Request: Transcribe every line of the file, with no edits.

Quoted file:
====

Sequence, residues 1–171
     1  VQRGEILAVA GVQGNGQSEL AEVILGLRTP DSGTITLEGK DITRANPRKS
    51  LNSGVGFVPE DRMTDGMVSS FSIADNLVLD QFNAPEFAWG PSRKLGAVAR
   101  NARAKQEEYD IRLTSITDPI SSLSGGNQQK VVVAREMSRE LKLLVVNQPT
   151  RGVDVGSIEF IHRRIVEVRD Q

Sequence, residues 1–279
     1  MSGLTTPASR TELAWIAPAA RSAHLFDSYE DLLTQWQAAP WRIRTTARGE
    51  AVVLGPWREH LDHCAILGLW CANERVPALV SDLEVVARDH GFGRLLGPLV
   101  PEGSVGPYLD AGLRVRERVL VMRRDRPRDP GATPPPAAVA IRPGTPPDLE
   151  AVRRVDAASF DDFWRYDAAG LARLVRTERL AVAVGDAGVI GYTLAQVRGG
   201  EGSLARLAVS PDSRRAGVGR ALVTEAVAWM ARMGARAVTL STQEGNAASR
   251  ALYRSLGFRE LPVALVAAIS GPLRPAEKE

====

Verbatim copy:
Sequence, residues 1–171
     1  VQRGEILAVA GVQGNGQSEL AEVILGLRTP DSGTITLEGK DITRANPRKS
    51  LNSGVGFVPE DRMTDGMVSS FSIADNLVLD QFNAPEFAWG PSRKLGAVAR
   101  NARAKQEEYD IRLTSITDPI SSLSGGNQQK VVVAREMSRE LKLLVVNQPT
   151  RGVDVGSIEF IHRRIVEVRD Q

Sequence, residues 1–279
     1  MSGLTTPASR TELAWIAPAA RSAHLFDSYE DLLTQWQAAP WRIRTTARGE
    51  AVVLGPWREH LDHCAILGLW CANERVPALV SDLEVVARDH GFGRLLGPLV
   101  PEGSVGPYLD AGLRVRERVL VMRRDRPRDP GATPPPAAVA IRPGTPPDLE
   151  AVRRVDAASF DDFWRYDAAG LARLVRTERL AVAVGDAGVI GYTLAQVRGG
   201  EGSLARLAVS PDSRRAGVGR ALVTEAVAWM ARMGARAVTL STQEGNAASR
   251  ALYRSLGFRE LPVALVAAIS GPLRPAEKE